Riding the tailwind: How COVID-19 accelerated the growth of edutech startups in Singapore


When COVID-19 struck in early 2020, universities and schools around the world found themselves suddenly shifting to digital education, a scenario many had never conceived of before. Teachers and professors rapidly switched to Zoom with mixed results.

In this period of rapid technological adoption, the existing educational technology industry, or edutech, led the way in providing mass digital education services in Singapore.

EduSpaze, Singapore’s first edutech accelerator, quickly compiled a bank of useful edutech tools and resources for the pandemic, signalling the key role edutech was going to play during the crisis.

Tapping on the crisis to grow online users

For parents stuck at home, the period of Home-Based Learning (HBL) from April 8 to May 4 was a stressful period, as they had to explore ways to keep their children engaged without compromising their learning.

This was the time for edutech firms that had laid the key groundwork for innovative and engaging digital pedagogy to shine.

Consider the case of Tenopy, a platform for live online education that was launched in 2017. The platform uses a unique in-house algorithm, data analytics, and interactive content to make personalised education content accessible for over 2,000 Primary School students all over Singapore.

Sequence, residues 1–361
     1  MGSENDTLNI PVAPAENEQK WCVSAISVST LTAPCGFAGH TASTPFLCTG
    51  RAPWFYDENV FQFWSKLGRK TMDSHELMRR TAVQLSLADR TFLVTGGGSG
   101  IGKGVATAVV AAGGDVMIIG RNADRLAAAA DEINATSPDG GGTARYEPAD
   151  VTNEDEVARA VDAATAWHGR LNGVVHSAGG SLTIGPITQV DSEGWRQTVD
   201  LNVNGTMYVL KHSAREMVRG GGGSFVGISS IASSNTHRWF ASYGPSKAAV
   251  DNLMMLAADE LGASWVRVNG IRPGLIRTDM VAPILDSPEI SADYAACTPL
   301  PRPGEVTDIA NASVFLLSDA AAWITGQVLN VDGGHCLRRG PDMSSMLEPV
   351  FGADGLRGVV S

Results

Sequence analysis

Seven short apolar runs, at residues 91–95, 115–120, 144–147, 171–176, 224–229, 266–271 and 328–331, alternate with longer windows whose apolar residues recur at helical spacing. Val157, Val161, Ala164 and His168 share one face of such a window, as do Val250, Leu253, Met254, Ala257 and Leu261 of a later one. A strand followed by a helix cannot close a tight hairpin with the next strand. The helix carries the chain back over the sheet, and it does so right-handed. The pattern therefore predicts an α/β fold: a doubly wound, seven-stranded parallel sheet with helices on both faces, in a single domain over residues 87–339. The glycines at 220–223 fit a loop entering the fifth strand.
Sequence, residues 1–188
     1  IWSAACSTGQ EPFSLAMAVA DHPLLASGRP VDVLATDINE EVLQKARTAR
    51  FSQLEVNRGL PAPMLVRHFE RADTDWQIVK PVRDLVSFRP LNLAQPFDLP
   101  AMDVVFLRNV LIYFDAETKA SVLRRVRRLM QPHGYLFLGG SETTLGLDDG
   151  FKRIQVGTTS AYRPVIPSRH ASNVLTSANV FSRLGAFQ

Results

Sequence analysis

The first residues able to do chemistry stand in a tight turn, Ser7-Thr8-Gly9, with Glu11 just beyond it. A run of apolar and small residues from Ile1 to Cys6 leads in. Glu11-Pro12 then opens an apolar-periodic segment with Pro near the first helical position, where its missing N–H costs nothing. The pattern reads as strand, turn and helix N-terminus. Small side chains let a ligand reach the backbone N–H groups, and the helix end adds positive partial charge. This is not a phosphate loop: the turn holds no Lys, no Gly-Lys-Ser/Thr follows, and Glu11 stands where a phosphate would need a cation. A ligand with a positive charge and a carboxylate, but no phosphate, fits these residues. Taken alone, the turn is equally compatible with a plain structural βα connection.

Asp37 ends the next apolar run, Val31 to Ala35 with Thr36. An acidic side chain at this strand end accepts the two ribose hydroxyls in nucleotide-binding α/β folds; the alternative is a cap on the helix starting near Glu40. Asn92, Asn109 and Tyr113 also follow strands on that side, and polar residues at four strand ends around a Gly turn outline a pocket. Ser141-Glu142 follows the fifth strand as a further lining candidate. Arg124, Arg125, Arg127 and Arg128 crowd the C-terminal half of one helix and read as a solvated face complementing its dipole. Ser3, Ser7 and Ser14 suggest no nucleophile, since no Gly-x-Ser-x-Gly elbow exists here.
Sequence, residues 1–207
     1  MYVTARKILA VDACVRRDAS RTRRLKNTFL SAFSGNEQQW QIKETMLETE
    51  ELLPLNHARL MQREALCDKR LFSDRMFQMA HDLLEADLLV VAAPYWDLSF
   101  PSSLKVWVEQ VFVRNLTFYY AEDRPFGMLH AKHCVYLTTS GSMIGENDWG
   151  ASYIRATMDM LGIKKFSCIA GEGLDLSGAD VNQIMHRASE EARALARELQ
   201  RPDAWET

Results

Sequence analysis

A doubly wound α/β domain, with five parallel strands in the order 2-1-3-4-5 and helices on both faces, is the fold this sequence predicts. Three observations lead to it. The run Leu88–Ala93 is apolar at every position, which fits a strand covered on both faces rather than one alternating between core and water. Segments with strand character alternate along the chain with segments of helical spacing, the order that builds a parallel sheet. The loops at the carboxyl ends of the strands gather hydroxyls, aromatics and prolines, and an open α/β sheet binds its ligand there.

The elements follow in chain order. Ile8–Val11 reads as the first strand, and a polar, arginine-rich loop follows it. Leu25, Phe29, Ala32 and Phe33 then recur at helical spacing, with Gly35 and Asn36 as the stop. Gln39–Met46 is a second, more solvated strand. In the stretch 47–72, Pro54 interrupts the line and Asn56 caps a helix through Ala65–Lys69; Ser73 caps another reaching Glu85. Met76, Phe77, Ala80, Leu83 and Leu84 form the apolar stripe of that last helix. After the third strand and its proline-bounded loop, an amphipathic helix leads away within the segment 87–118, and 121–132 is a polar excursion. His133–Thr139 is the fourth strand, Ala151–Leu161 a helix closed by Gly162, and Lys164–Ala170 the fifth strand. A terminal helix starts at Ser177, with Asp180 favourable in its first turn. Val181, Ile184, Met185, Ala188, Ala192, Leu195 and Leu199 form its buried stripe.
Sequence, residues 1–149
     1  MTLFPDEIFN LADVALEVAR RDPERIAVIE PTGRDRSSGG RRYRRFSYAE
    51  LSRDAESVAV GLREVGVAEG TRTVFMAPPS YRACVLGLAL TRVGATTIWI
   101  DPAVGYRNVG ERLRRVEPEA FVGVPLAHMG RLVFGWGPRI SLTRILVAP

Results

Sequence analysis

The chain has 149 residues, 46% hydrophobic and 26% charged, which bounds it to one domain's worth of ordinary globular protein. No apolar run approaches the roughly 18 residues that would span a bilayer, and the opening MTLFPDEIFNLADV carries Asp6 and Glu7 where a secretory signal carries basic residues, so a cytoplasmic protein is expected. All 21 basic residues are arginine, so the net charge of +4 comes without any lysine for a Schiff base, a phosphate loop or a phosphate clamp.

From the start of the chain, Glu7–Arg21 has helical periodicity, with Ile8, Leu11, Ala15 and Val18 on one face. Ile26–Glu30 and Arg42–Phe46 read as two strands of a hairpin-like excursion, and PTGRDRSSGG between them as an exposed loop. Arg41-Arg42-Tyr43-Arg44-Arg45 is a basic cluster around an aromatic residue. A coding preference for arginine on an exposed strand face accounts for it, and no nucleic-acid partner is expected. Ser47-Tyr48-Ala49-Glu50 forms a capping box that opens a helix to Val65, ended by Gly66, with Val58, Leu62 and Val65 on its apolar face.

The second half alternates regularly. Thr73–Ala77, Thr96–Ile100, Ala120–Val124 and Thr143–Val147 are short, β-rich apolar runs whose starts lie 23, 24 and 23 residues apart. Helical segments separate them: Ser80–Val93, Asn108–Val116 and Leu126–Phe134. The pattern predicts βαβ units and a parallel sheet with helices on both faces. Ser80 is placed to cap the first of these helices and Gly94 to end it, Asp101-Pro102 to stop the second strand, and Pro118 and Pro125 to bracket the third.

Also Read: Edutech in SEA is still “far behind compared to North America” – but there is some hope

Tenopy moved quickly to promote its products and raise awareness of its innovative pedagogy for the online space. Due to Tenopy’s active efforts to reach out to students and parents, the platform saw a 100 per cent increase in active students since March. Even as HBL drew to a close, the company saw a 95 per cent retention rate moving from Term 1 to Term 2, as a result of its engaging and affordable platform.

In the words of Tenopy founder and CEO Soh Chong Kian, on their experience during the pandemic: “The pandemic has made digitalisation a new norm and drastically accelerated the adoption of e-learning, that comes with natural merits such as efficiency, easier accessibility (to high-quality teachers), interactivity and affordability.”

VERE360 is another edutech firm that had its long-simmering efforts pay off. VERE360 aims to democratise experiential learning for schools across Southeast Asia, using virtual reality.

Before COVID-19, its efforts were primarily geared towards integrating VR content within everyday classroom settings. During the HBL period, it responded quickly and began working with teachers and schools to continue engaging students in learning through its VR content library.

VERE360’s immersive education style hence allowed teachers to close the gaps presented by not being in the same space.

Both VERE360 and Tenopy proactively marketed their unique digital pedagogy during a time of technological adoption, allowing them to offer sought-after services. Their long-standing efforts to develop pedagogy that fully engages students over the digital space paid off, giving them a leg up over traditional tuition businesses during the pandemic.